Kenneth Bonert was born in Johannesburg, South Africa in 1972, where he grew up until he and his parents emigrated to Canada in 1989. In Toronto, Bonert studied Journalism at Ryerson University and then worked as a reporter for newspapers like the »Globe and Mail« and the »National Post«.
Bonert’s short stories, including »Packers and Movers«, which was nominated for the Journey Prize, have been published in the Canadian literary magazines »Grain« and »The Fiddlehead«. His novella »Peacekeepers, 1995« was published in the anthology »McSweeney’s 25« (2007). In the framework of the highly reputed program »New Faces of Fiction« of the publishing house Knopf Random House Canada, which had already brought forth renowned Canadian authors like Yann Martel, Esi Edugyan, and Anne Marie MacDonald, Bonert’s debut novel »The Lion Seeker« appeared in 2013. This was the first time the program issued only one title in a year, which heightened the expectations for this book. In an interview with the website »Open Book Toronto«, Bonert said that writing this novel had presented him with a completely new challenge. His roots in journalism had taught him to seek the human dimension behind pure information while repeatedly checking the facts to get all the details right. For his novel, he had directed this kind of intensive research inward to gradually clarify in his imagination what he wanted to narrate. Himself descended from Lithuanian immigrants, in »The Lion Seeker« Bonert reports on Isaac Helger, the son of Jewish immigrants to South Africa. At the end of the 1930s, a time of increasing anti-Semitism, he has to decide whether to orient himself toward the past and resign himself to his fate like his father or to become a lion and fight for his love and his goals, the way his mother tirelessly works to pave the way for a better future. Bonert’s picaresque novel also shows the dark sides of the family’s struggle for survival, for example when it places itself above the black population, although its members, as Jews, have endured and continue to experience oppression and persecution first-hand. This led a review in the »National Post« to describe the book as astonishingly mature, on the one hand, and admirably incautious, on the other. Bonert himself called »The Lion Seeker« a historical novel that reflects today’s conflicts.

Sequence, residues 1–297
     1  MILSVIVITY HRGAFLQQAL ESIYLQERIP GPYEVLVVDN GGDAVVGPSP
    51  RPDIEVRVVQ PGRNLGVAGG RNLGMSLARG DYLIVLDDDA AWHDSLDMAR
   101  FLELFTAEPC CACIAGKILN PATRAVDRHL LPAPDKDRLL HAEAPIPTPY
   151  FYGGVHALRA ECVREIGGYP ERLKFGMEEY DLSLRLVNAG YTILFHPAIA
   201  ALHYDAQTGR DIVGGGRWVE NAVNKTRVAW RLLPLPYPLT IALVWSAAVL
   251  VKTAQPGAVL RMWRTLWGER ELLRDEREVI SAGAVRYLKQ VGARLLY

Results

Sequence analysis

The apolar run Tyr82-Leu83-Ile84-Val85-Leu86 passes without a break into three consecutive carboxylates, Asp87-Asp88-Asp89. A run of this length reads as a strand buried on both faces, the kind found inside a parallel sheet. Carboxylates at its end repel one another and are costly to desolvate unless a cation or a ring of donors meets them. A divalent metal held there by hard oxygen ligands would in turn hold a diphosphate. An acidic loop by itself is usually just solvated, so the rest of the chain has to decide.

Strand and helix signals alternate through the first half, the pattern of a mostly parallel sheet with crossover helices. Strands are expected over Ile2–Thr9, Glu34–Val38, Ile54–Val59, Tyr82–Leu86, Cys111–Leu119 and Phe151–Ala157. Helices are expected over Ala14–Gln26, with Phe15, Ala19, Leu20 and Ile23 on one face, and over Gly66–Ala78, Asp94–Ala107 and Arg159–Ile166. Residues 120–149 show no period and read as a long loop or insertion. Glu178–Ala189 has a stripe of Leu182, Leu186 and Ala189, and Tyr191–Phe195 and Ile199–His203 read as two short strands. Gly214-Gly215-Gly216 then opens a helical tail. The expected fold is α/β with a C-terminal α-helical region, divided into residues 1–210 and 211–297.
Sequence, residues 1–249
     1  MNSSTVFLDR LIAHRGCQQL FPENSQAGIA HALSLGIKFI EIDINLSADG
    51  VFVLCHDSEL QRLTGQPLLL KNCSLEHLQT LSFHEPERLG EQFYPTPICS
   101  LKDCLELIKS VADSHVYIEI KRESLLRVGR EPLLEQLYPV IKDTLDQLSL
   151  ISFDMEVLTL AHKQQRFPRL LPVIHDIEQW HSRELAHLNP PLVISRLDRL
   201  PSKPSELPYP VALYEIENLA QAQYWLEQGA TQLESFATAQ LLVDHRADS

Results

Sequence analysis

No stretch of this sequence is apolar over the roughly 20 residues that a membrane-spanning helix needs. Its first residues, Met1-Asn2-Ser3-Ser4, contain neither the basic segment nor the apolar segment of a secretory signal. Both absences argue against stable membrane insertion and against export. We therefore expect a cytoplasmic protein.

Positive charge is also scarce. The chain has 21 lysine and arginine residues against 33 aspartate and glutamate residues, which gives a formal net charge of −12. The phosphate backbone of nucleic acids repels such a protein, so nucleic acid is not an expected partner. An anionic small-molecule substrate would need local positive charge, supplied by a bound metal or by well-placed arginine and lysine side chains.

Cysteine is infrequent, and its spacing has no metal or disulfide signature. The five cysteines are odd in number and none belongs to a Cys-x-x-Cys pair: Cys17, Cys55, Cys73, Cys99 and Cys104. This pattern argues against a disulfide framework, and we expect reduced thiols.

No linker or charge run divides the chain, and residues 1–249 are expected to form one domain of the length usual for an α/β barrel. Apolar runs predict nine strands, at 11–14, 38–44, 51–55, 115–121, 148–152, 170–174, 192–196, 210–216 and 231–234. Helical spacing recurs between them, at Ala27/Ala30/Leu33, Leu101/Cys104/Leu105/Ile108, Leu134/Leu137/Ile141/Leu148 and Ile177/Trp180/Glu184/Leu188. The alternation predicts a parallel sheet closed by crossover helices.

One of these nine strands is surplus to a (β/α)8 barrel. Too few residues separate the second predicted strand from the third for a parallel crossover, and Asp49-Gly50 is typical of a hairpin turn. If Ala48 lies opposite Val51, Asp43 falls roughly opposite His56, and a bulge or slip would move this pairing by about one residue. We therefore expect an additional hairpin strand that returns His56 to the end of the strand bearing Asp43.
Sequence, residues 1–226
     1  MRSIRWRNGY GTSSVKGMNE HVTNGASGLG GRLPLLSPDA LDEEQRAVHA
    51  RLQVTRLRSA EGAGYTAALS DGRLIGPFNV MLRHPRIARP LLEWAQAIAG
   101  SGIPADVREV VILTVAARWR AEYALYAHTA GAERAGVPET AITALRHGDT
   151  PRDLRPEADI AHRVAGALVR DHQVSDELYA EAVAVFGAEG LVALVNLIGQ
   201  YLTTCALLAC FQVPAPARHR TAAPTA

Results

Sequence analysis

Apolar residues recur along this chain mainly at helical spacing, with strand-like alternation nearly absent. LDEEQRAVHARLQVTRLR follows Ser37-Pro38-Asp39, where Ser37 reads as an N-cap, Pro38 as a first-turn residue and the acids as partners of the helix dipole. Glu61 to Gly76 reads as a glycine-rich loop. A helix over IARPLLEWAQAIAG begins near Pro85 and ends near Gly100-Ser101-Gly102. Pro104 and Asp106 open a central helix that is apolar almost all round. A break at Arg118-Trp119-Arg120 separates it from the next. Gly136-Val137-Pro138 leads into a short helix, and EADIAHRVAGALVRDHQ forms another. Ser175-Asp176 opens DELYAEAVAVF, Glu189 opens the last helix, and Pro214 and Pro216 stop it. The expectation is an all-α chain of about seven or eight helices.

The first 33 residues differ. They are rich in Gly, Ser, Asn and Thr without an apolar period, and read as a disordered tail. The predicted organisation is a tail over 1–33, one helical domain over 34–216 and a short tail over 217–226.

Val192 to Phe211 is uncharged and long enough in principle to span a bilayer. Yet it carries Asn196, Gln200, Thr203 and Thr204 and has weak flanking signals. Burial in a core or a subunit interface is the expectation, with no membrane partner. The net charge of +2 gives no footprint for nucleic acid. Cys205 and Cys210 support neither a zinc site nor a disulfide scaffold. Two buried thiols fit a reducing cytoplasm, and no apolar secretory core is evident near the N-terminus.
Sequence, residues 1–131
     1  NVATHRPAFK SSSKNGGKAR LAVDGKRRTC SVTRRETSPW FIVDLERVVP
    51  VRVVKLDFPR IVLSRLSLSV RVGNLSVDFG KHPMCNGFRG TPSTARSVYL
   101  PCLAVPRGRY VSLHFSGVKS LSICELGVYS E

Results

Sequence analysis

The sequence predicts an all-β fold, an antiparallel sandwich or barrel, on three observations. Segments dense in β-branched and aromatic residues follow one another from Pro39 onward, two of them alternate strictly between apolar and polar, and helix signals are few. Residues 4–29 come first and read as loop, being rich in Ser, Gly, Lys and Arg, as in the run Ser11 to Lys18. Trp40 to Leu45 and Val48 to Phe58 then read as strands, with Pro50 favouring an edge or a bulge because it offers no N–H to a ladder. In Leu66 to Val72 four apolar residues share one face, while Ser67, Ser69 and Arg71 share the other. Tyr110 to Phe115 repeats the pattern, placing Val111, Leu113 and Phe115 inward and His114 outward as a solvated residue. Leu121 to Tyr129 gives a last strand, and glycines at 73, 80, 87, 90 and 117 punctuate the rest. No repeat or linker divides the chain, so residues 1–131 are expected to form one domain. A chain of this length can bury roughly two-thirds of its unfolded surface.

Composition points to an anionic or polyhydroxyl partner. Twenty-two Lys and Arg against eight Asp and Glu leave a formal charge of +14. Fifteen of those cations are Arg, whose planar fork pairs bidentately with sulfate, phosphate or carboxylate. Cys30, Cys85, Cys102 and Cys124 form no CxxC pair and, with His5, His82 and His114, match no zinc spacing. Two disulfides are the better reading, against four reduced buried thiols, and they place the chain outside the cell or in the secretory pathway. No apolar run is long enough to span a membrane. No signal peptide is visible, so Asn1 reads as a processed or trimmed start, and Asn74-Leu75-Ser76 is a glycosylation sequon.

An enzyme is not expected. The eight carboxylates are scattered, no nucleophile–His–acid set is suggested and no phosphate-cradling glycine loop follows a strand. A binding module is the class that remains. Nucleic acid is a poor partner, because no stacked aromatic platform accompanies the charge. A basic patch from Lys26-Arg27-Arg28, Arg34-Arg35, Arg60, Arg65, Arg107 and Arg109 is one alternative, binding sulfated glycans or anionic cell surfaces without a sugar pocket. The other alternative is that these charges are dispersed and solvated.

In 2013, »The Lion Seeker« won the National Jewish Book Award and the Edward Lewis Wallant Award. Bonert lives in Toronto, where he is working on a second novel and a collection of stories.